Who's an economy for? Voters in France and Greece have made it clear it's not for the bond traders.
Referring to his own electoral woes, Prime Minister David Cameron wrote Monday in an article in the conservative Daily Telegraph: "When people think about the economy they don't see it through the dry numbers of the deficit figures, trade balances or inflation forecasts -- but instead the things that make the difference between a life that's worth living and a daily grind that drags them down."
Cameron, whose own economic policies have worsened the daily grind dragging down most Brits, may be sobered by what happened over the weekend in France and Greece -- as well as his own poll numbers. Britain's conservatives have been taking a beating.
In truth, the choice isn't simply between budget-cutting austerity, on the one hand, and growth and jobs on the other.
It's really a question of timing. And it's the same issue on this side of the pond. If government slices spending too early, when unemployment is high and growth is slowing, it makes the debt situation far worse.
That's because public spending is a critical component of total demand. If demand is already lagging, spending cuts further slow the economy -- and thereby increase the size of the public debt relative to the size of the overall economy.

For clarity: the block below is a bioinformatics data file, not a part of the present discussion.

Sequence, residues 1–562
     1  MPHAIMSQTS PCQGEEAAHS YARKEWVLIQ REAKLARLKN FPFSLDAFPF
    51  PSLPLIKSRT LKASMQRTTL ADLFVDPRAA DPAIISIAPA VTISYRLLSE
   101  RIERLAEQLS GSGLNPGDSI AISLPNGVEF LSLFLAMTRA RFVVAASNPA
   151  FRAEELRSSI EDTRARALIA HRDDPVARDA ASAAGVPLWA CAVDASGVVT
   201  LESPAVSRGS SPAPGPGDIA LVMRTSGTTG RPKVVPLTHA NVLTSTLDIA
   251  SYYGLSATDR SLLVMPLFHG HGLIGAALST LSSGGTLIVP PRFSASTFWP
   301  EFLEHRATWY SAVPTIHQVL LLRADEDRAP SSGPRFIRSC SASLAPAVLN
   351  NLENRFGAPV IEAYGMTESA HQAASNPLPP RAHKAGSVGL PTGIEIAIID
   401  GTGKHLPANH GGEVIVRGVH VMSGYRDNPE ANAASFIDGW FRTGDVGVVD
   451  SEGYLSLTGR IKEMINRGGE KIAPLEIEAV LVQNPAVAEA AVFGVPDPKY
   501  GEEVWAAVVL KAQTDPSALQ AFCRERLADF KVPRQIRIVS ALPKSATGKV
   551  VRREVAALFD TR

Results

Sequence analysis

You end up with the worst of both worlds -- a growing ratio of debt to the gross domestic product, coupled with high unemployment and a public that's furious about losing safety nets when they're most needed.
The proper sequence is for government to keep spending until jobs and growth are restored, and only then to take out the budget axe.
If Hollande's new government pushes Angela Merkel in this direction, he'll end up saving the euro and, ironically, the jobs of many conservative leaders throughout Europe -- including Merkel and Cameron.
But he also has an important audience in the United States, where Republicans are trying to sell a toxic blend of trickle-down supply-side economics (tax cuts on the rich and on corporations) and austerity for everyone else (government spending cuts). That's exactly the opposite of what's needed now.
Yes, America has a long-term budget deficit that's scary. So does Europe. But the first priority in America and in Europe must be growth and jobs. That means rejecting austerity economics for now, while at the same time demanding that corporations and the rich pay their fair share of the cost of keeping everyone else afloat.
President Obama and the Democrats should set a clear trigger -- say, 6 percent unemployment and two quarters of growth greater than 3 percent -- before whacking the budget deficit.
And they should set that trigger now,
during the election, so the public can give them a mandate on Election
Day to delay the "sequestration" cuts (now scheduled to begin next year)
until that trigger is met.